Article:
Dialogue in Action: New York Anchor Offering Dinners, Movies

Liz Dupont-Diehl

Group of people who participated in the Dinner DialoguesEveryday Democracy Anchor Partner InterFaith Works of Central New York (IFW), of Syracuse New York, has lately organized several activities that highlight the benefits of people from different faiths and backgrounds engaging in honest and constructive dialogue.  

In September, IFW hosted a series of “Dinner Dialogues,” bringing people of different faiths together for food, dialogue and trust-building. Seventeen homes took part, each with groups of eight to 10 people, a dinner host and outline for a guided conversation.

“We did a host/facilitator training before and conducted a de-brief with each of them after the dinners,” explained Rev. Gracious Moyo, Director of the Interfaith Initiatives Program for IFW. 

“There is active and deep listening, as people suspend their own judgement and become curious and hear from others.”

IFW has been organizing such dinners for seven years. They are designed to bring together people who don’t often have the opportunity to connect, and to create a culture of understanding leading to better relations in the future.

Hosts worked with a set of 11 questions designed to engage participants.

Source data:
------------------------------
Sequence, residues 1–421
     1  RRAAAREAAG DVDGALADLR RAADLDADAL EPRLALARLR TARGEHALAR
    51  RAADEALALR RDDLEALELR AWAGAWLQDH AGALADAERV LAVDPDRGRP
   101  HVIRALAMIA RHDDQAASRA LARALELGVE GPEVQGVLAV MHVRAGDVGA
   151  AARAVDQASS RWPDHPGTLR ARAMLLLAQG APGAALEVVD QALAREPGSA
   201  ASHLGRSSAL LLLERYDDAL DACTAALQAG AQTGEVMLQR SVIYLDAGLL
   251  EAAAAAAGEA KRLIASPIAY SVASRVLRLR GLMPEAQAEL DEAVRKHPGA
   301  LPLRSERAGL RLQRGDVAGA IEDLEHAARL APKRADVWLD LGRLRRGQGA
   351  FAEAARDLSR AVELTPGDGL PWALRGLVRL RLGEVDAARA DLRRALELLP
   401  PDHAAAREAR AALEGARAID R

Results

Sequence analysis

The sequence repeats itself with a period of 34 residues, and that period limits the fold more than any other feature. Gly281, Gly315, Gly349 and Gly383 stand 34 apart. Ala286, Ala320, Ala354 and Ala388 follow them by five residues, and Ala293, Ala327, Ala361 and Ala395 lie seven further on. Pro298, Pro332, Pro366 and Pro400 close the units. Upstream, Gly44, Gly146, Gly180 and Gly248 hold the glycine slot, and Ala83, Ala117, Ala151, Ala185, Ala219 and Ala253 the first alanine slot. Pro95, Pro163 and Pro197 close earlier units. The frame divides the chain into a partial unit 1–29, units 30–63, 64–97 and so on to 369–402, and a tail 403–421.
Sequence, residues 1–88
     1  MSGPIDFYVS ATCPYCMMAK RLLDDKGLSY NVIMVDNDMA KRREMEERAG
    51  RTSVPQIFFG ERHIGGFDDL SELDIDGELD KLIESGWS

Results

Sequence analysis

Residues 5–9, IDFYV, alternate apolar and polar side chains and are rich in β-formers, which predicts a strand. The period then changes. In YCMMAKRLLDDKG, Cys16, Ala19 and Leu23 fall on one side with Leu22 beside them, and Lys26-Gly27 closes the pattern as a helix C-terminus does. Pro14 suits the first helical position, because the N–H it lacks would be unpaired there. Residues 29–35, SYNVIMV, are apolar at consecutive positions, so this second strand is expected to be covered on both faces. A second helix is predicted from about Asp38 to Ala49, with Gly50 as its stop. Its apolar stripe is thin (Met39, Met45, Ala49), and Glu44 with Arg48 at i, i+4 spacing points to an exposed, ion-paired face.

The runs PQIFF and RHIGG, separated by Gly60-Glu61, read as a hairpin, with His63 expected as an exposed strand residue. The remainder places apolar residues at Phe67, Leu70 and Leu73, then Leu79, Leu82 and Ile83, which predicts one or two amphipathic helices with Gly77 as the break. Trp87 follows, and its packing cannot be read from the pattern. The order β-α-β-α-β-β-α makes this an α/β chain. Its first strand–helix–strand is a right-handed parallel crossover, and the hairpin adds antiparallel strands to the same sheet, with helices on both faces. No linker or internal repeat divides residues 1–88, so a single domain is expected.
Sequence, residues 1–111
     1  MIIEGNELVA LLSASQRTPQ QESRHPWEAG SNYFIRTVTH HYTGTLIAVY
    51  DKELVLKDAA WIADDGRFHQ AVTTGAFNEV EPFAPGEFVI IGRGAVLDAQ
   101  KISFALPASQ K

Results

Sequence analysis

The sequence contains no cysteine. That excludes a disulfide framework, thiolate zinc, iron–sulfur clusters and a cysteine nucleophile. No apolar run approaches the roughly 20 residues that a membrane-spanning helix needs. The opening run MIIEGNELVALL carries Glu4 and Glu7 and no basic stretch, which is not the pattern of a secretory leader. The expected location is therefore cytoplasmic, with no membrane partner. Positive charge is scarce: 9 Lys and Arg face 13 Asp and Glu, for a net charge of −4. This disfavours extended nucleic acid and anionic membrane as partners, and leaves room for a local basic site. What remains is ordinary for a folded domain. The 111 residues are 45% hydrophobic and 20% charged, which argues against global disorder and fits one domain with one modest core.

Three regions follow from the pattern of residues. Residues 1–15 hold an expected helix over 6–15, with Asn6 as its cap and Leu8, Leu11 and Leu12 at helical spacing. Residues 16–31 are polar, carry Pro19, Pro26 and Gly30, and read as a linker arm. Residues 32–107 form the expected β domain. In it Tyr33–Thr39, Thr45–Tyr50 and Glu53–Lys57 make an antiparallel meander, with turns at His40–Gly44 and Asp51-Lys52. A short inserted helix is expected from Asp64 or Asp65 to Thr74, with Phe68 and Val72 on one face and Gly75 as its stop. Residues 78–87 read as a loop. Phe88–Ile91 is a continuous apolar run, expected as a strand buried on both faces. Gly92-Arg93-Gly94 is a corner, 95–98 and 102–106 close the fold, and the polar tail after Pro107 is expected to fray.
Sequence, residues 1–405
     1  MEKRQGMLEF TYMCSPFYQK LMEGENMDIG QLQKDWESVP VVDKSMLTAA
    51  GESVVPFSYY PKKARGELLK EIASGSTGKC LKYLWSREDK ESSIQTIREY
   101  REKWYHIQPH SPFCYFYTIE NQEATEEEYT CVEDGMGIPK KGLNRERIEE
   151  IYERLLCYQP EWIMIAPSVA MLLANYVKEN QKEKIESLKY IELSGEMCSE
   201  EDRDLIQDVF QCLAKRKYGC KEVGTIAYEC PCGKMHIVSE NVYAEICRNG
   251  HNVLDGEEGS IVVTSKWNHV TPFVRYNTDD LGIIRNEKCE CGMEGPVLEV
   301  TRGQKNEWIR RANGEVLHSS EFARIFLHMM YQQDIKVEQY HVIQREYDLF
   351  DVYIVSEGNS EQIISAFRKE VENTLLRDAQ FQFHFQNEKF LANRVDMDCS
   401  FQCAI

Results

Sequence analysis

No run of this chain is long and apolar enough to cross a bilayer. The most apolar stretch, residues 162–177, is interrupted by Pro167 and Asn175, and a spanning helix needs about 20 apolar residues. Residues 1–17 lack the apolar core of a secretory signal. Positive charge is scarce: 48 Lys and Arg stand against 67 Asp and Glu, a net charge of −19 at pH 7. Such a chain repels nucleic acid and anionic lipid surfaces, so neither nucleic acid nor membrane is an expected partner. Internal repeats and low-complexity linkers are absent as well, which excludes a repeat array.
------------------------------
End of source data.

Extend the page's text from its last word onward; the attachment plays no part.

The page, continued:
“Personally, I learned even more about my own faith tradition by seeing it through the lens of others,” Rev. Moyo said. “It was also a time of healing for another woman in our circle. She said she shared things with us she hadn’t shared with her family – she felt comfortable sharing with us because she felt she belonged.

“The dinners are a symbolic act,” he added. “It’s an outward expression of unity among diverse individuals of different traditions. It shows and promotes an awareness of the connectedness of all faiths.”

More than 170 people took part in the recent dinners, featuring a simple vegetarian meal, and many signed up for a subsequent six-session interfaith dialogue.  

Mother and daughterIn October, IFW released a short video “We Are Human,” featuring the voices and experiences of refugees.  It shows the importance of speaking to and learning about people different from you, in order to break down stereotypes. The video is also part of the United Religions Initiative, a global grassroots interfaith network that cultivates peace and justice by engaging people to bridge religious and cultural differences. The video is available on IFW’s web site and will be also used for fundraising and community-building.

In addition, IFW continually engages police and community members in community dialogues, which incorporate Everyday Democracy’s principles of organizing and engagement, and helps organize dialogues at nearby universities and colleges.


November 2, 2017

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